#### Archived

This topic is now archived and is closed to further replies.

# Frame Rates

This topic is 6351 days old which is more than the 365 day threshold we allow for new replies. Please post a new topic.

## Recommended Posts

Hi I've just been looking at a reply to a post i posted a few months back about frame rates. This person said to get how long a frame lasts do this: // Cheap example DWORD lastTime = GetTickCount(); DoRenderStuff(); DWORD change = GetTickCount() - lastTime; printf("DoRenderStuff() took %d milliseconds.\n", change); ///// but i want a frame counter. Sonce i'm not too good at math i'd ask you guys how to work out how fast my game is running (in frames per second) Thanks for any help, J PS, coded in C++ Edited by - jason2jason on July 21, 2001 8:43:28 AM

##### Share on other sites
another cheap example then..

// Right before rendering loop only execute ONCE before main rendering loop
frames=0;
startTime = GetTickCount();

DoRenderStuff();
frames++;

// this can happen when ever
framerate = (float)( 1000 * frames ) / (float)( GetTickCount() - startTime );

Edited by - snowmoon on July 21, 2001 9:13:26 AM

##### Share on other sites
Snowmoon: Your code would calculate the average framerate since the start of the rendering loop! However I think this isn't very good for measuring the actual framerate of the moment, as it will most likely change very broad if you for example turn around or are surrounded by many enemies, so for exact measurement of the current fps you should use the following:

main loop
{
lasttime = GetTickCount();

AI();
Physics();
Animation();
Whatever();
RenderFrame();

fps = 1000 / (GetTickCount() - lasttime);
}

Assuming that (GetTickCount() - lastime) returns a value in milliseconds
Hope this is correct and helps!

Edited by - Vaporisator on July 21, 2001 9:31:47 AM

##### Share on other sites
Vaporisator, your code gets a divide by zero error message, but thanks anyway.

##### Share on other sites
How did you test my code?
If the loop content needs less then 1 ms to execute then (GetTickCount - LastTime) will surely get zero!
You could avoid this problem by enhance the code like that:

main loop
{
lasttime = GetTickCount;

AI();
Physics();
Animation();
Whatever();
RenderFrame();

change = (GetTickCount - lasttime);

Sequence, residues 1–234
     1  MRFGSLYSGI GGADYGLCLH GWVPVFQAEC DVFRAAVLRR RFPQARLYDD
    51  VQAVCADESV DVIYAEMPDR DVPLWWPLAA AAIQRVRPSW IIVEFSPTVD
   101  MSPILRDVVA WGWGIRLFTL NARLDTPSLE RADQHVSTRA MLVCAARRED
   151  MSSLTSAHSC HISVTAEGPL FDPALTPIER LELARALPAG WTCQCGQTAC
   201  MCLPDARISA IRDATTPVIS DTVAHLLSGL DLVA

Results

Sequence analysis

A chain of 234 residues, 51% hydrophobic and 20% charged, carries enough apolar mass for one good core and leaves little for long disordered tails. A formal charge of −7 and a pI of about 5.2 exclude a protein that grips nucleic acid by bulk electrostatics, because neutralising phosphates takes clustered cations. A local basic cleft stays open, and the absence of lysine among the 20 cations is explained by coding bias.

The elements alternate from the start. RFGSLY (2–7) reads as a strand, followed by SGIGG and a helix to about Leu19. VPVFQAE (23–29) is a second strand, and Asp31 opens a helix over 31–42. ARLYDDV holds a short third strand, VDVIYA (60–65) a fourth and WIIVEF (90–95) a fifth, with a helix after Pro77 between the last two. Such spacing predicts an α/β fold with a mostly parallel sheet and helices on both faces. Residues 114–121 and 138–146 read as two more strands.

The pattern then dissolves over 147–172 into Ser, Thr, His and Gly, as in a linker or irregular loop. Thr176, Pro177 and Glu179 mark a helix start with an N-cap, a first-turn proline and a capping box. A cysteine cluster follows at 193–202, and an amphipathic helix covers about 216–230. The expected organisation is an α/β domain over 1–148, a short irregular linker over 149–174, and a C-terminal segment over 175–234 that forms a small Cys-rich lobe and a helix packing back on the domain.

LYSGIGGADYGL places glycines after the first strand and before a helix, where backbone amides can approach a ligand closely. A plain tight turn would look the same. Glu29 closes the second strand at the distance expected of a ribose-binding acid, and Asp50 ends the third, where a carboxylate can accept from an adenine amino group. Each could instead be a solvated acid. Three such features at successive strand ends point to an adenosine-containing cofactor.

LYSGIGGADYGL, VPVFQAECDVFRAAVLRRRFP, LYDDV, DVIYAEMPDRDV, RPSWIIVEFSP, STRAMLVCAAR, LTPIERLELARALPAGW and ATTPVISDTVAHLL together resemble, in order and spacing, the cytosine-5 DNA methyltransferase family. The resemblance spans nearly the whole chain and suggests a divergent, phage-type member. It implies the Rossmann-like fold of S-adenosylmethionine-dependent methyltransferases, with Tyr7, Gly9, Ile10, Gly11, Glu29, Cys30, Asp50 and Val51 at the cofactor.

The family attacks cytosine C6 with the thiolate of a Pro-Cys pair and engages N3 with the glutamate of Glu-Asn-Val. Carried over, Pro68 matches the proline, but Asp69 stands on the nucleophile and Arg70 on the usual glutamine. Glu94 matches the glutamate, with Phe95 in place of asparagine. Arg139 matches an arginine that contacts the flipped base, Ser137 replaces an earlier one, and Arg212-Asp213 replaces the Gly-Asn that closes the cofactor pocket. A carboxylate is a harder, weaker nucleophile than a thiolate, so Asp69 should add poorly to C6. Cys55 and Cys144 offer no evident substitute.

if (change != 0)
{
fps = 1000 / change;
}
else
{
fps = 1001;
}
}

However it will occur very unlikely that the framerate climbes above 1000 fps
Hope at least this did help.

##### Share on other sites
Two things, I would recommend adding the line ''lasttime = GetTickCount;'' at the bottom. This will be more accurate since the time inbetween calls to the game loop is also included. Also, I would recommend timeGetTime over GetTickCount because of its higher resolution.

##### Share on other sites
  CTimer::CTimer(){ Init();}CTimer::~CTimer(){}void CTimer::Init(){ if (!QueryPerformanceFrequency((LARGE_INTEGER *) &Frequency)) { UseQPC=false; fResolution=1.0f/1000.0f; Frequency=1000; timeBeginPeriod(1); StartTime=(float)timeGetTime(); timeEndPeriod(1); } else { __int64 time; UseQPC=true; fResolution=(float) (((double)1.0f)/((double)Frequency)); QueryPerformanceCounter((LARGE_INTEGER *) &time); StartTime=(float)time * fResolution * 1000.0f; } FrameCount=0;}void CTimer::GetStartTime() // Place at the beginning of game loop{ __int64 Time; if (UseQPC) { QueryPerformanceCounter((LARGE_INTEGER *)&Time); FrameStartTime=(float)Time * fResolution * 1000.0f; } else { timeBeginPeriod(1); FrameStartTime=(float)timeGetTime(); timeEndPeriod(1); FrameStartTime=FrameStartTime * fResolution * 1000.0f; }}void CTimer::GetEndTime() // Place at the end of the game loop{ __int64 Time; if (UseQPC) { QueryPerformanceCounter((LARGE_INTEGER *)&Time); FrameEndTime=(float)Time * fResolution * 1000.0f; } else { timeBeginPeriod(1); FrameEndTime=(float)timeGetTime(); timeEndPeriod(1); FrameEndTime=FrameEndTime * fResolution * 1000.0f; } FrameCount++; fDelta=FrameEndTime-FrameStartTime;}void CTimer::Wait(unsigned int iMilliseconds) // 33=30 fps{ if (fDelta>0) // Make sure they called Start and EndTime functions { while (fDelta

HHSDrum@yahoo.com

##### Share on other sites
btw, I don''t use the ''wait'' function. some people like to lock the frame rate, that''s why it''s there.

HHSDrum@yahoo.com

##### Share on other sites
  // globalint frames=0;float startTime = GetTickCount();DoRenderStuff();frames++;if (frames >= 10){ float time = (float)GetTickCount(); if (time == startTime) time++; framerate = (float)( 1000 * frames ) / (float)( time - startTime ); frames = 0; startTime = GetTickCount();}This will give you a more accurate reading since it takes the average frame rate every 10 frames instead of from the beginning of the program, and is easier to spot hotspots because it is not updated so fast that you can''t read the differences.SeeyaKrippy 

##### Share on other sites
quote:
Original post by Krippy2k

  // globalint frames=0;float startTime = GetTickCount();DoRenderStuff();frames++;if (frames >= 10){ float time = (float)GetTickCount(); if (time == startTime) time++; framerate = (float)( 1000 * frames ) / (float)( time - startTime ); frames = 0; startTime = GetTickCount();}This will give you a more accurate reading since it takes the average frame rate every 10 frames instead of from the beginning of the program, and is easier to spot hotspots because it is not updated so fast that you can''t read the differences.SeeyaKrippy `

I don''t know what the price of an int to float is, but I know it costs something-and you''re doing it multiple times. If you''re comparing avg frame rate every 10 frames, the frame rate would drop, giving you an incorrect fps. Better keep the var frames as a float and keep the casts to a minimum.

1. 1
2. 2
3. 3
4. 4
Rutin
13
5. 5

• 13
• 10
• 9
• 9
• 11
• ### Forum Statistics

• Total Topics
633692
• Total Posts
3013355
×